The startup has come a long way since its inception as project on Kickstarter. He has raised over $100 million in funding from high-profile investors including Sequoia Capital China and GL Ventures, an early arm of the large private equity firm Hillhouse Capital. With category expansion as well as plans to expand into new markets such as China’s backyard, EcoFlow expects to generate $630 million in revenue this year, boosting its growth between 2019 and 2022 by nearly 150 times.
This growth accelerates EcoFlow’s path to an initial public offering. EcoFlow hit a $1 billion valuation last year and announced plans to list on the Shenzhen Stock Exchange. The company has entered a preliminary “mentoring” period with the city’s exchange regulators and intends to float its shares over the next two to three years.
Wang said the Shenzhen-based exchange, which was designed to encourage technological innovation, will attract investors who “understand the new energy industry,” although he does not rule out overseas listings in the future. Operating at a profit, EcoFlow declined to say whether it would raise another round of funding ahead of the IPO.
Customer Support Worldwide
Unlike many equipment manufacturers who leave China only after they have tested their products at home, EcoFlow entered overseas markets from the very beginning. He first went to Japan, a country prone to natural disasters and whose consumers are known to be tech-savvy. Today, Japan and the US are two of EcoFlow’s biggest revenue generators, out of the more than 100 markets it supplies.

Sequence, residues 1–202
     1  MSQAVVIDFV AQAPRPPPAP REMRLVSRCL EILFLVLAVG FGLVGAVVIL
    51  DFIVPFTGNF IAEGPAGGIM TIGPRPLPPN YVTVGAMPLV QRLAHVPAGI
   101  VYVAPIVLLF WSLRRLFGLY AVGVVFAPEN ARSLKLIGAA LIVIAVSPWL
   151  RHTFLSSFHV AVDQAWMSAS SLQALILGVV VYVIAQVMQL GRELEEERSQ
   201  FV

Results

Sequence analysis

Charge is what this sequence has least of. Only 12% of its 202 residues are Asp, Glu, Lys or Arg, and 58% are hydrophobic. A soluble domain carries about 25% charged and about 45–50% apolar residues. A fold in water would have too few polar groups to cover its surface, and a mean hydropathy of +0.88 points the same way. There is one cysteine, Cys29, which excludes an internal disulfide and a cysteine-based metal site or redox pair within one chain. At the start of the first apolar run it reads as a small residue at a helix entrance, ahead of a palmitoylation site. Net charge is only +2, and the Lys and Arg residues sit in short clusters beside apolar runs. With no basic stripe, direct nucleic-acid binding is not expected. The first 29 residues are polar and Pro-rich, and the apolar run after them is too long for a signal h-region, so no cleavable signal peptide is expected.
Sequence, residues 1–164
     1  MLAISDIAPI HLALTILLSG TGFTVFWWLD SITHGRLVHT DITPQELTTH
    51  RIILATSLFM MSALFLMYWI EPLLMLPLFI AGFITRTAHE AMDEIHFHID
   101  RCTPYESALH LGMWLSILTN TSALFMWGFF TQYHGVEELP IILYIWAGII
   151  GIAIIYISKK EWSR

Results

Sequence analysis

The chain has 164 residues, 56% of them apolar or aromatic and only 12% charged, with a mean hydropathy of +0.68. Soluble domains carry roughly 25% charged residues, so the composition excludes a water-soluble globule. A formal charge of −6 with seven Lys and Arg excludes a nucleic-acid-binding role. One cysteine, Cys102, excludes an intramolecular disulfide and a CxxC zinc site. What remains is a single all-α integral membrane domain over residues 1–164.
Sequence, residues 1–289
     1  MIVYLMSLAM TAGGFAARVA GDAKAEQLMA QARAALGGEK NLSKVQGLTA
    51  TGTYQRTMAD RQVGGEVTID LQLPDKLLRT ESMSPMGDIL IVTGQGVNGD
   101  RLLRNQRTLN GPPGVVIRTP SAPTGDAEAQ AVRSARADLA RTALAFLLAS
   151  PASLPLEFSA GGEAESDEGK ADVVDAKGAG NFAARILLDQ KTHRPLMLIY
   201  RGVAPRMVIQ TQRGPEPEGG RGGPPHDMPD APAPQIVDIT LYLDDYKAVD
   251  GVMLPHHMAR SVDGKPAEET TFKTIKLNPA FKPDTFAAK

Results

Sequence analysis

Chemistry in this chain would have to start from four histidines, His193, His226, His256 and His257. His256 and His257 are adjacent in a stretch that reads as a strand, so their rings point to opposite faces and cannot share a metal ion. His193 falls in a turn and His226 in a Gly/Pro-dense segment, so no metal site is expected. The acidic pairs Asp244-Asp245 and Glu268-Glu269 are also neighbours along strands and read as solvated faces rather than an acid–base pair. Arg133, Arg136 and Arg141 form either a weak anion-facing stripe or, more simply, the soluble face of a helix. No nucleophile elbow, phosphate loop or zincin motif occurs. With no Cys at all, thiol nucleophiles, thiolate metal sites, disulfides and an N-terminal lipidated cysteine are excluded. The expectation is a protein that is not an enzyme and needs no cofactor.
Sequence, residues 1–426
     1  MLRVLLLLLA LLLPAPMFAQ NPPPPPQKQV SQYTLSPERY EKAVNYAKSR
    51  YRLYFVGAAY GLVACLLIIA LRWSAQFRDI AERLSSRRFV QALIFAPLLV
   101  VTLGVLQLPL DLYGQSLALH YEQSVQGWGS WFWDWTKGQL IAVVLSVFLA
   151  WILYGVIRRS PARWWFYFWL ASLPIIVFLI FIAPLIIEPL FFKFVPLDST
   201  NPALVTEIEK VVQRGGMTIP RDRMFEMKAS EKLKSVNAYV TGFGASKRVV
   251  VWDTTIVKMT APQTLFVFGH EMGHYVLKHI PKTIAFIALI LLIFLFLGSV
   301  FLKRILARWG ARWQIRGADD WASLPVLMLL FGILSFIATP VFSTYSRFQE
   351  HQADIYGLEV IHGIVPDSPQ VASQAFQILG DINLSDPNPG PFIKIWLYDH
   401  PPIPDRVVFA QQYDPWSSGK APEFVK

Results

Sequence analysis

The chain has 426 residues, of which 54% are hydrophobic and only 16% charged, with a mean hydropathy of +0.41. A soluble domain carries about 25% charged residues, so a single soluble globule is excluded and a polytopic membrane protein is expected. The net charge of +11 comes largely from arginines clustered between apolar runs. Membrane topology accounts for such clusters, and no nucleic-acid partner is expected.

EcoFlow recently began selling its batteries in China, where a growing middle class is showing a growing craze for luxury camping. The company is also exploring opportunities in emerging markets in Asia, Africa and Latin America, where it wants to provide households hit by power shortages with “affordable” products, Wang said.
When asked how EcoFlow managed to gain a foothold in overseas markets, Wang, who draws inspiration from Tesla and Apple, offered an obvious but difficult scenario: understand your customers. “We say internally that “customers are never wrong. If anything goes wrong, it has to be us.”
To make that adage come true, EcoFlow operates a fairly international office in Shenzhen, a full on-site team in Japan, a small but growing force in the US, and is soon recruiting in Europe. Globally, EcoFlow has more than 1,000 employees working in the extended value chain, from research and development, which accounts for 40% of its workforce, to after-sales service.
While many Chinese consumer tech start-ups are finding it increasingly difficult to operate overseas as geopolitical tensions threaten to put them in the crosshairs of foreign authorities, as evidenced by giants like TikTok and Huawei, Wang does not see the same hurdle.
“At the end of the day, users will pay for a good product, which is why I like working in the business-to-consumer space,” the founder confidently said. “In addition, our products help promote environmental sustainability, which is a universal goal that can resonate with consumers around the world.”
Credit: techcrunch.com /